DESIGN IN MASS PRODUCTION

When I think about mass produced cards, I think one design, run through a fancy printer like a zillion times (very nicely, of course). But I ran into an opportunity a little while ago that lead me to think about mass production in a different way with my small scale Drawn & Delivered card project. This method even involves recycling so for this girl who uses (what feels like) a metric ton in paper it made me feel really good.

One morning, I spent an unusually looooong time working on my #dailyintention of the day to share on my Instagram and I wound up with 5 or 6 sheets of paper that I would have otherwise chucked into our recycling, but after becoming more interested in cut paper and mixing texture, it lead me to think about how I could use these sheets differently. I was also a llllllittle behind on my card schedule so all of this paper and started to look like an opportunity.

I sat down after randomly cutting up the pages and arranged them onto the cards. I liked how abstract everything was looking and the strange amounts of white space I was noticing too, so I opened up my glue stick and started to put the pieces together. Once I had everything glued down, I trimmed out the edges and voilΓ‘!

What makes this method work is the very simple color palette and some of the repeated shapes that you start to notice from my original pre-cut pages. It's almost as if there is a hidden system to the madness.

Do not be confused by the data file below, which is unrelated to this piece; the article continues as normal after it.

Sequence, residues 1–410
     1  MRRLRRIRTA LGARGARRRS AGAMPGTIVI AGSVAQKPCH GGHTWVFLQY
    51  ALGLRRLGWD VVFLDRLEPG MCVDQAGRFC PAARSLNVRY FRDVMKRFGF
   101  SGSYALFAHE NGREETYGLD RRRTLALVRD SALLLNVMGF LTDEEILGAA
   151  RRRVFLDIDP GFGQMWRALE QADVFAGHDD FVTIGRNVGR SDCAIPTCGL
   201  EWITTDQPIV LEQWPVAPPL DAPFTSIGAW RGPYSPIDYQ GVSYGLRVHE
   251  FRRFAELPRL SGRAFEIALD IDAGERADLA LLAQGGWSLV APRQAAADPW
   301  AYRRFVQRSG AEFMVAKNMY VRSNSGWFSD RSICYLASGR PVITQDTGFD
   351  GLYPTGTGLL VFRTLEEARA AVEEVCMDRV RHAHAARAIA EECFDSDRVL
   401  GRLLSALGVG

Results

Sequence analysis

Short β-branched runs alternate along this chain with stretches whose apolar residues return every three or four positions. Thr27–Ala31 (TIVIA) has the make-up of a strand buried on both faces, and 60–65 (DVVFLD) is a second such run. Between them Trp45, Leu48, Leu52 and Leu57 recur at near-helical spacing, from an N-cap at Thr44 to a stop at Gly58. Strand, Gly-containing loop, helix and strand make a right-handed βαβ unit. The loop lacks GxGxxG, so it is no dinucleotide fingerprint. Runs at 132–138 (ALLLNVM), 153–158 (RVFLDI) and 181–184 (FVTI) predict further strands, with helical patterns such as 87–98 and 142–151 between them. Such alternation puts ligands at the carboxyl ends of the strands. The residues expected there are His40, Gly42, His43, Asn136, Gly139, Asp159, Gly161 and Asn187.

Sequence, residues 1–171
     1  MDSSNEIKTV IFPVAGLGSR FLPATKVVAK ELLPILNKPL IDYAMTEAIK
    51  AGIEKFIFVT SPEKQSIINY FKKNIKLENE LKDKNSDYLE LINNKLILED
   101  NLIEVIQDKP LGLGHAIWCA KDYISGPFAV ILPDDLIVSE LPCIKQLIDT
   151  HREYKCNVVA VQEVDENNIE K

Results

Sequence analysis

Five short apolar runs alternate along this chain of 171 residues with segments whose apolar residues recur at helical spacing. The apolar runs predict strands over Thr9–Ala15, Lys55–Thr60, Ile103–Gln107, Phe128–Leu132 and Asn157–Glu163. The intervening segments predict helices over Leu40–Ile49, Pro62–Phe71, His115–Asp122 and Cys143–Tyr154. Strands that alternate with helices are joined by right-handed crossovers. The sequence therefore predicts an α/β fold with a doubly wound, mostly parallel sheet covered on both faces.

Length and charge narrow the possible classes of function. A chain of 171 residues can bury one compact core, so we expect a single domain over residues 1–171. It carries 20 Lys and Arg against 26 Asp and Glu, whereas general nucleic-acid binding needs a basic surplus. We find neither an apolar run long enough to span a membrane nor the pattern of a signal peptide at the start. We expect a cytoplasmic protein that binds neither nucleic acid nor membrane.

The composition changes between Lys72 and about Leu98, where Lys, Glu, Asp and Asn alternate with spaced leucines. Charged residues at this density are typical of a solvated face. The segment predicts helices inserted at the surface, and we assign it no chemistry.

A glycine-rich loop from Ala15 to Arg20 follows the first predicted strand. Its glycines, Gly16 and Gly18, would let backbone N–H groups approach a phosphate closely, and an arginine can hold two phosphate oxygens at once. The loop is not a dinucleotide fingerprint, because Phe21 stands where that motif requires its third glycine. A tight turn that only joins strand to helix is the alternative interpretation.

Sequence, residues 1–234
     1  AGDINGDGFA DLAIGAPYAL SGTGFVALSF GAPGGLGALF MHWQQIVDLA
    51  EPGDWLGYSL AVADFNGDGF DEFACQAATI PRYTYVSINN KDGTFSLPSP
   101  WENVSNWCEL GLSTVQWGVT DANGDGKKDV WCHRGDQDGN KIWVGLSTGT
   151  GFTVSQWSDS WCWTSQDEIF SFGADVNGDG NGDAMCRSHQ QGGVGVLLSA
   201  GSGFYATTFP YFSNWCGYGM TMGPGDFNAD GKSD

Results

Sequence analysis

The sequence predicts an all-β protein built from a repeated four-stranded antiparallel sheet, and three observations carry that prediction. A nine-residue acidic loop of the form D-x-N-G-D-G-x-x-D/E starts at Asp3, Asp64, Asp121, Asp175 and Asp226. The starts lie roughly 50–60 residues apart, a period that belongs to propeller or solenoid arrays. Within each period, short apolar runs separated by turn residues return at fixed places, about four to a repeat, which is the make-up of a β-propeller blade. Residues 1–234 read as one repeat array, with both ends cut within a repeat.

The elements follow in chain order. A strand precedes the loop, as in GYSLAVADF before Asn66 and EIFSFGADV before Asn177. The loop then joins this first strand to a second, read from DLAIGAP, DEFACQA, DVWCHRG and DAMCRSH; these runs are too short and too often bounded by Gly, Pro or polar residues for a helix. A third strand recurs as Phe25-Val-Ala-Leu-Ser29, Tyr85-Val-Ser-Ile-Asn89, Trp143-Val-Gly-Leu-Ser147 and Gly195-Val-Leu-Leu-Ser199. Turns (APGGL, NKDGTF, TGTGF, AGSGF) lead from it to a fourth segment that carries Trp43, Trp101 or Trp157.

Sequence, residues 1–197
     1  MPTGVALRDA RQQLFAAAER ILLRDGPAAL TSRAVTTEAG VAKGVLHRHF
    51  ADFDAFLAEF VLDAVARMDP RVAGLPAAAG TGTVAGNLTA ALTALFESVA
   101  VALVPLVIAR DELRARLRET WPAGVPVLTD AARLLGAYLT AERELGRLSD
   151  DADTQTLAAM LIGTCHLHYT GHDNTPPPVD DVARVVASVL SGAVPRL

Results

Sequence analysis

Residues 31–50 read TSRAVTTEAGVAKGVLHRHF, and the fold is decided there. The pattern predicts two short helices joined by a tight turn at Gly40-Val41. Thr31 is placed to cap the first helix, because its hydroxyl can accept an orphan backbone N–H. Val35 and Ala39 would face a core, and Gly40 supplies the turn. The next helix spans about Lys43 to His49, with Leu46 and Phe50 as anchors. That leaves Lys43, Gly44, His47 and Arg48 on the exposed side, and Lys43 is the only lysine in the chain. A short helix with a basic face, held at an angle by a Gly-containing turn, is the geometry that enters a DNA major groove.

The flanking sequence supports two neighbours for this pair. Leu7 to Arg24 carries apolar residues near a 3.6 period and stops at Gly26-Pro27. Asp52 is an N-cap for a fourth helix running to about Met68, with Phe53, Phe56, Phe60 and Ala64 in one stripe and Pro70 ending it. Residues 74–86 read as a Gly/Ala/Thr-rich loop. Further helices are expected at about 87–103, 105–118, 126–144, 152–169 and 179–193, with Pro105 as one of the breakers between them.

At the very end of creating these cards I thought they lacked a sense of grounding so that's why I added the black lines around some of the edges of the paper.

I would love to do some more work with small batch designs like this in the future.

If any of you have scraps from sketches hanging around, try doing this too! I think you'll like the results. It's also very quick and kind of like putting a puzzle together that has no image. So like freestyle puzzle building? Yeah… that sounds about right!


ps! If you would like some great free desktop and phone wallpapers illustrated by me, sign up for my email list! It's on the right side bar. I will only send you stuff like personal insights, stories and glimpses behind the scenes in my studio. No junk mail, just fun stuff :)

IT'S NOT ABOUT BEING DONE

So I started a new book today! It's 'The E-Myth Revisited' by Michael E. Gerber. This is a book about small businesses, why they get started, why they fail and how a person can avoid the fail part. πŸ˜‰